Asset Class: Commercial PV Systems
What are the advantages and disadvantages of investing in commercial PV systems? For whom is it a good option? Find out what makes photovoltaics interesting as an asset class.
Sustainability is becoming an increasingly important consideration in capital investments. Even so, commercial PV systems are still relatively unknown as a direct investment, although they are similar to real estate investments: both are easily tradable and independent of fluctuations in the capital market. In this article, you will learn about the reasons why investors focus on commercial PV systems.
Characteristics of the asset class
A commercial photovoltaic system is a productive asset. You invest in a “generator” that converts radiant energy from the sun into electrical energy and operate it as efficiently as possible in order to sell plenty of electricity. The returns are easy to calculate and the risks can be minimised through forward-thinking management.
Commercial photovoltaic systems are not a generic financial product. Rather, each PV system must be evaluated individually, as it is planned, constructed, and operated individually. The term “commercial photovoltaic system” itself is unprotected. Their typical size starts at around 50 kWp and extends into the double-digit megawatt range. This does not include large-scale power plants and PV systems on private property.
For whom is the asset class suitable?
Private and institutional investors: They appreciate the good predictability of the investment and the independence from fluctuations on the capital market. The returns are easy to calculate. Moreover, PV systems are sustainable.
Commercial energy consumers: Companies that require a great deal of power like to reduce their costs by operating their own photovoltaic systems and at the same time elevate their sustainability performance. They often have suitable sites themselves or can acquire such sites.
Energy cooperatives and energy suppliers: Energy suppliers can hardly build new, large-scale conventional power plants in Europe. That is why they are increasingly relying on commercial photovoltaic systems. Regional energy cooperatives are also doing the same, sometimes marketing the electricity as their own electricity rate or as a rented rate.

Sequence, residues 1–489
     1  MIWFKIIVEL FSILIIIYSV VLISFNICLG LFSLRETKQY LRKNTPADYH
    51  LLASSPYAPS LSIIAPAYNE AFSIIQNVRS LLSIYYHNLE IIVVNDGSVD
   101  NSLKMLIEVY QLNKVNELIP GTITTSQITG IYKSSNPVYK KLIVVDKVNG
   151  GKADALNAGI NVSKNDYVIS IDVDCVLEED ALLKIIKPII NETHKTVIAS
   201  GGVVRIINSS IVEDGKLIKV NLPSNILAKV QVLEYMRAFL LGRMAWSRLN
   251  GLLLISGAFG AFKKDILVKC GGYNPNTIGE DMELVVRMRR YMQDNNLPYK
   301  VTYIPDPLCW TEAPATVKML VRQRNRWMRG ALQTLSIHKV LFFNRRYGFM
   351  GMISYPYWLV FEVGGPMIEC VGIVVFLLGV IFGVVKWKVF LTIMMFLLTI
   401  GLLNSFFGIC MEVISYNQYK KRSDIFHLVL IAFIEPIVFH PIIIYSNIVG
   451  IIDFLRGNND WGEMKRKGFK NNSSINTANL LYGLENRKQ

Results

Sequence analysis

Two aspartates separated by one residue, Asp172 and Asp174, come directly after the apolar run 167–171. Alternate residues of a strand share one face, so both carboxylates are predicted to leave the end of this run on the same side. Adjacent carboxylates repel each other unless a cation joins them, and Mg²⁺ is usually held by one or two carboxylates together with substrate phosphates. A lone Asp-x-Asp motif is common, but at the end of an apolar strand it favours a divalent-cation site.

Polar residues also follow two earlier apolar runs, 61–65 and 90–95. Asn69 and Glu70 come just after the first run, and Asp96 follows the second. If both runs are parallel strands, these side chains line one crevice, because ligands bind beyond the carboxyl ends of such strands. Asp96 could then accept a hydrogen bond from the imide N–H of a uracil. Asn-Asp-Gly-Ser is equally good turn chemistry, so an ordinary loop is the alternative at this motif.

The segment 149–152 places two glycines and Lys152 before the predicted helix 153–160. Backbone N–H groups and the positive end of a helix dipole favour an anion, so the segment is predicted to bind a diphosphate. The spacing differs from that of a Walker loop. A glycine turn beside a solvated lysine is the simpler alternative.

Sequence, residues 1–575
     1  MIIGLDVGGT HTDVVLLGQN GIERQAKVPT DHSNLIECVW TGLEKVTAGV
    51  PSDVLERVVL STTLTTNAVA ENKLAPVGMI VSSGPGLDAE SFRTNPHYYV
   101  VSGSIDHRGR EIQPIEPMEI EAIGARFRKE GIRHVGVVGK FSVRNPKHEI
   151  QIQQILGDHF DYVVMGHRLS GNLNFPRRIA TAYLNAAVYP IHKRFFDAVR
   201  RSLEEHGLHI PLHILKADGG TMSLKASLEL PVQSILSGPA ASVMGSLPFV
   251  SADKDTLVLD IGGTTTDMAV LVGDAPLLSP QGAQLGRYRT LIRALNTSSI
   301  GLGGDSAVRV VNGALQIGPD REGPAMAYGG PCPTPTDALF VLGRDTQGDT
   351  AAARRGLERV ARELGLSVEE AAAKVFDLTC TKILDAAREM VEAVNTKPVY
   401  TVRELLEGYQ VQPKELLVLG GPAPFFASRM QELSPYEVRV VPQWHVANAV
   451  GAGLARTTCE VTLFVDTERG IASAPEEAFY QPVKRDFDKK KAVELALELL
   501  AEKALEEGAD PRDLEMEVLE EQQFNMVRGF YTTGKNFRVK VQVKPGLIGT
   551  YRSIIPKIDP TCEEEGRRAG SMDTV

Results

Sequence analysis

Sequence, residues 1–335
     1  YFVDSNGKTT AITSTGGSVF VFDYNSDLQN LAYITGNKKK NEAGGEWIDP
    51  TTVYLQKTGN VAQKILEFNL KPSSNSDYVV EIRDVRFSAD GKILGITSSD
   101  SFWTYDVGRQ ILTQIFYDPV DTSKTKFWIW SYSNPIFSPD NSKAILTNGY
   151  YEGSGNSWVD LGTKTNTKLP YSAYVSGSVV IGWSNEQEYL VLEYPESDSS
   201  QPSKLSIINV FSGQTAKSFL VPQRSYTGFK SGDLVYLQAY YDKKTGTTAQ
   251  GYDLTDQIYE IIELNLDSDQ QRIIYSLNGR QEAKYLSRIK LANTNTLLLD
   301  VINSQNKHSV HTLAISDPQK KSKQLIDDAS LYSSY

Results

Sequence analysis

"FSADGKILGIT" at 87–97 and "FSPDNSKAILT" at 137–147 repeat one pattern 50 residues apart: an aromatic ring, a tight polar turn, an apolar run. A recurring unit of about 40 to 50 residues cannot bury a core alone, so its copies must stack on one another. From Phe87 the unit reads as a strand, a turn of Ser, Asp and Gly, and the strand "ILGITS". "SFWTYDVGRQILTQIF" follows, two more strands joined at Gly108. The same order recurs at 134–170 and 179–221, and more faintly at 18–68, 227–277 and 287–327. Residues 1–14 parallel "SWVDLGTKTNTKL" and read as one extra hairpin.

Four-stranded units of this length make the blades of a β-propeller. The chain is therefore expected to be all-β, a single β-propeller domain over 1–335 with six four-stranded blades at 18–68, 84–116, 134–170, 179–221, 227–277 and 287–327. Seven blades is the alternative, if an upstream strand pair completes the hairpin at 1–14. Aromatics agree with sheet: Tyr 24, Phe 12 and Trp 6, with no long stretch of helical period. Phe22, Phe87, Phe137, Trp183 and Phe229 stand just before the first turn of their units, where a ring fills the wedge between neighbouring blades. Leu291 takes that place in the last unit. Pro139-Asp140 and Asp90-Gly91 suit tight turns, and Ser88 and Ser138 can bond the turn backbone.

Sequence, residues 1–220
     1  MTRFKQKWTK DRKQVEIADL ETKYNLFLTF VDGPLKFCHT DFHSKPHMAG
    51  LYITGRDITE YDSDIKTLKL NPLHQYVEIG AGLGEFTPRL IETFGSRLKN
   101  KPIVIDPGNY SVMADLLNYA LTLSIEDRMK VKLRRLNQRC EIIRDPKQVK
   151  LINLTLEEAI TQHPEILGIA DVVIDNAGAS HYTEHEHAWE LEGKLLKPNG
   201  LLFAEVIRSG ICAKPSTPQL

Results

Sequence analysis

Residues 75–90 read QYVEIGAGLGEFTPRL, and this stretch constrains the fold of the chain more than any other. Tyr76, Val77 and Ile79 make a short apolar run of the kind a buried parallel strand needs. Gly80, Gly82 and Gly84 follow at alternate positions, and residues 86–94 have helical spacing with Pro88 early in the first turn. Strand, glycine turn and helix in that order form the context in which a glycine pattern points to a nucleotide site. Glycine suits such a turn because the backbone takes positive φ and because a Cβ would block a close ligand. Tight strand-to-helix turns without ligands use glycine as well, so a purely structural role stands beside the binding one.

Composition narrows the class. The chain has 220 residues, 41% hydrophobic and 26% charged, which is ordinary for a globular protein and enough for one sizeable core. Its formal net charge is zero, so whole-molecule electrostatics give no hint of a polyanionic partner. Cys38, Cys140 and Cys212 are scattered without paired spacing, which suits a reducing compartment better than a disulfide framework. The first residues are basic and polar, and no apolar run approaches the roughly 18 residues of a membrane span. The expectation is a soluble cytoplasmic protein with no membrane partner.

What is the relationship between the risks and the returns of commercial photovoltaic systems?
Profit: The income from electricity production can be planned in the long term. Income is generated from the sale of electricity, which is often guaranteed by the state. If you use your own electricity, the opportunity costs of the electricity price can be recognised as income. Since neither the location nor the orientation of the PV system changes, the output depends on the technical efficiency and durability of the solar technology.
Costs: Just like any other producing machine, photovoltaic systems also entail construction and operating risks. However, the costs for planning, system construction and operation are usually easy to calculate.
Risks: Repairs can lead to downtimes and costs, which is why careful management is important. The rare entrepreneurial risk of total loss, for example due to fire, theft, or extreme weather, does exist, but these cases can be insured against.
Trends of the asset class
The investment class of commercial photovoltaic systems is becoming ever more interesting for a broader investor audience, a fact which can be traced to the following market developments:
Growing secondary market: On the growing secondary market for running systems, photovoltaic projects can be traded with a flexibility similar to real estate. Over the last few years at Milk the Sun, we have brokered several hundred running systems, and demand is particularly high for older systems with very attractive remuneration.
Increasing expansion: The expansion trend of renewable energy is continuing. In order to achieve the environmental and expansion targets, the considerable PV potential in the commercial sector must be exploited. The expansion depends, among other things, on political framework conditions and market regulations, but also on the development of electricity prices and PV systems costs. For example, remuneration schemes can undergo changes, as is currently the case with “power purchase agreements” (PPAs), i.e. direct electricity supply contracts.
Increasing efficiency: Technical advances are increasing the efficiency of photovoltaics and reducing their costs. Module and component prices have fallen massively in recent years, also driven by production relocations, innovations, and economies of scale, making many projects ever more economically attractive. This trend is reinforced by digitalisation, which provides greater transparency and more precise monitoring.
Increasingly professional service: The service providers along the value chain are becoming more and more professional, making planning and system operation even more reliable. Long-term experience is coming increasingly into play, and more precise specialisations are emerging, such as new inspection methods or fault analysis techniques. Through outsourcing, you can therefore additionally improve your profitability and simplify operations.
Asset class strengths:
✓ Yields in the mid-single digits.
✓ Volatility is lower compared to capital market investments.
✓ Risk-return ratio is more optimal compared to capital market investments.
✓ Own electricity can be produced cost-effectively and in an environmentally-friendly manner.
✓ Real economic contribution to the energy transition.
This article was published in our investment guide. For all other articles and information on Direct investment in commercial-sized photovoltaic systems, please visit: Milk the Sun – PV Investment Guide.